By JIM HALEY
Folks in the Arlington and Monroe areas will have to wait another week to find out if their towns have been picked by the state to house sexual offenders who are beginning to work toward freedom.
A state advisory committee Tuesday took no action on slicing the 11 potential sites for the new facilities, state Department of Social and Health Services spokesman Gordon Schultz said.
The committee, which will recommend a primary site and two alternates to DSHS Secretary Dennis Braddock, probably will make its selection next Wednesday, Schultz said.
Two of 11 sites are in Snohomish County. Both are near correctional institutions, and both are in the district of state Rep. Hans Dunshee, D-Snohomish.
The Arlington Heights site is near the former Indian Ridge Youth Camp. The second is near the intersection of Highway 203 and 203rd Street SE near the Monroe Reformatory Honor Farm.
Other potential sites are located in King, Spokane, Walla Walla and Yakima counties.
Dunshee said DSHS didn’t notify him that two Snohomish County sites were on the selection list.
Neither site meets criteria established by DSHS, Dunshee said.
DSHS is under federal court order to move sex offenders out of the Special Commitment Center, where 126 people have been undergoing treatment after being civilly committed. Civil commitment came after they finished prison sentences for sex offenses.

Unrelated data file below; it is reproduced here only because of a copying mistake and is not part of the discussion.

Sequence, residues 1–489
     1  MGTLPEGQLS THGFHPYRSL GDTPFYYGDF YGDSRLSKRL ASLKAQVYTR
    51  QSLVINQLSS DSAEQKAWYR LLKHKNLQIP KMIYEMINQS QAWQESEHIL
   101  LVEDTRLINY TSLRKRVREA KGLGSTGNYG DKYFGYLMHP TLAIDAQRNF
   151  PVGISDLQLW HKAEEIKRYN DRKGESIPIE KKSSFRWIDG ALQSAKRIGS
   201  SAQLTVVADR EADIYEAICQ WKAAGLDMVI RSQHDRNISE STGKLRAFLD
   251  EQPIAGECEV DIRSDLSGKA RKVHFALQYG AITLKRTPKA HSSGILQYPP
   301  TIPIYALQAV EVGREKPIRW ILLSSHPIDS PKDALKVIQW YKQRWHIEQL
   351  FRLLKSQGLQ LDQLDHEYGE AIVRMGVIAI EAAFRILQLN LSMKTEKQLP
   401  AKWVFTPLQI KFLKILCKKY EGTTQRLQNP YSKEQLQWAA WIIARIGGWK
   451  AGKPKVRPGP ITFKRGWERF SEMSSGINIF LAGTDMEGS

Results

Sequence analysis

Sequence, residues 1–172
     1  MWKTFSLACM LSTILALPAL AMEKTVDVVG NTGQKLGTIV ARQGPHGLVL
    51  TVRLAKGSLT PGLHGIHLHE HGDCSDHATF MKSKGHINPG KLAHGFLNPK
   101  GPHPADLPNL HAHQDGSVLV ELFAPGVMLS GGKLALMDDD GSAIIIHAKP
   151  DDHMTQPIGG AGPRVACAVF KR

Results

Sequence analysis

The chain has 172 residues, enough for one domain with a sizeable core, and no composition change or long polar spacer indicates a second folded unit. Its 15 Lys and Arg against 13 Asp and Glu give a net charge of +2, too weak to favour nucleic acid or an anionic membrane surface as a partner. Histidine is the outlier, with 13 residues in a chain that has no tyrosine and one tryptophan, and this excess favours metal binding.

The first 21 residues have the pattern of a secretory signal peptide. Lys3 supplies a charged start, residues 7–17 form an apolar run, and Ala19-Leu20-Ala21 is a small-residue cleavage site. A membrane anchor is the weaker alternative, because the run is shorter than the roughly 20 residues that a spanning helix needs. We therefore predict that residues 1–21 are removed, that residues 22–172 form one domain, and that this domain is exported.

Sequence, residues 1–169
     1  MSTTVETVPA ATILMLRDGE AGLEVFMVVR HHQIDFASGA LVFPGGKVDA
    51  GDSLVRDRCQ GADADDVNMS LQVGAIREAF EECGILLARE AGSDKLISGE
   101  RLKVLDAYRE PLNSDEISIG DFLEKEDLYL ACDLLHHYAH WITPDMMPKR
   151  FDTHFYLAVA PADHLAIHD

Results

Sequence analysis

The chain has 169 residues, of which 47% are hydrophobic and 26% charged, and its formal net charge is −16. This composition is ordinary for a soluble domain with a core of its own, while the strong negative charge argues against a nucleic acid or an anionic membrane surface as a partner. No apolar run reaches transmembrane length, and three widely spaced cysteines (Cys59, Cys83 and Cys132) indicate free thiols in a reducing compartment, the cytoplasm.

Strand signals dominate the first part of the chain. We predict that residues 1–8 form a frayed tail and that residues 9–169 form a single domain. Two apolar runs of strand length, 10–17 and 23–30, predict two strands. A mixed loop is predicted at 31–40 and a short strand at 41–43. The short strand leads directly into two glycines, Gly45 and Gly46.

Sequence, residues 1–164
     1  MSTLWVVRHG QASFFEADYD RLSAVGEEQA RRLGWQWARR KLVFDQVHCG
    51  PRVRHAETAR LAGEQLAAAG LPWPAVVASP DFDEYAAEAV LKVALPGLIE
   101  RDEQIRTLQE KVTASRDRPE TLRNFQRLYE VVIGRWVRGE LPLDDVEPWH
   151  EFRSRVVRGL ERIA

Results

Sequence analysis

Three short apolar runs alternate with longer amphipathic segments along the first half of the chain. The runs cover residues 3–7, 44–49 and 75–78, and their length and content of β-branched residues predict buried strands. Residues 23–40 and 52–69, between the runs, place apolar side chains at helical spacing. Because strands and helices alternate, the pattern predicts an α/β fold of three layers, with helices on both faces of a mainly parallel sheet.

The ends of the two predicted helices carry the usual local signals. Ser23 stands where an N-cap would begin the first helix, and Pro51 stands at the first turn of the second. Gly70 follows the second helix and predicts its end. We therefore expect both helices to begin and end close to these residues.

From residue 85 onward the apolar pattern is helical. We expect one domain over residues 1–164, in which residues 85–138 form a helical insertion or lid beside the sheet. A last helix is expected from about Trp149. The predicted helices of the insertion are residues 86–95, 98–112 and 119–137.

Offenders are supposed to be released from the center to a less restrictive location if treatment providers determine they have responded and are less dangerous. They are still to remain under close supervision
The commitment center is located within the walls of the McNeil Island prison.
The plan is to find an appropriate location on state property and move a three-bedroom modular home onto the site. There are now no secure facilities available for this.
The offenders would have one-on-one supervision most of the time, and the modular buildings would have alarm systems to deter escape.
"These are guys you can leave on McNeil Island," Dunshee said. "Maybe give them some additional freedom there. You just can’t plop those puppies out here."
The 11 sites were chosen with guidelines approved earlier to keep the facilities away from schools, child care centers, playgrounds and similar facilities.
They also are supposed to be within five minutes of law enforcement response in case of emergencies.
If either the Indian Ridge or Monroe site is chosen, the selection could violate the five-minute response guideline.
"DSHS would need to negotiate with the Snohomish County Corrections to determine whether their staff could respond," a DSHS summary said of the Indian Ridge site.
Snohomish County Corrections now is operating a minimum-security overflow jail at the former Indian Ridge Youth Camp on state property adjacent to the proposed site for the sex-offender facility.
At Monroe, the same problem exists, and DSHS would have to negotiate with state corrections staff to respond to emergencies.
That’s a critical element, Dunshee added.
"It’s incidents not so much (at the halfway house) but around there where you’d have to have the sheriff there instantly," Dunshee said.
He said he’s not surprised his constituents are upset they are in contention for such a facility.
"I think the process is moving awfully fast," Dunshee said. "I know I wouldn’t want them next to me."
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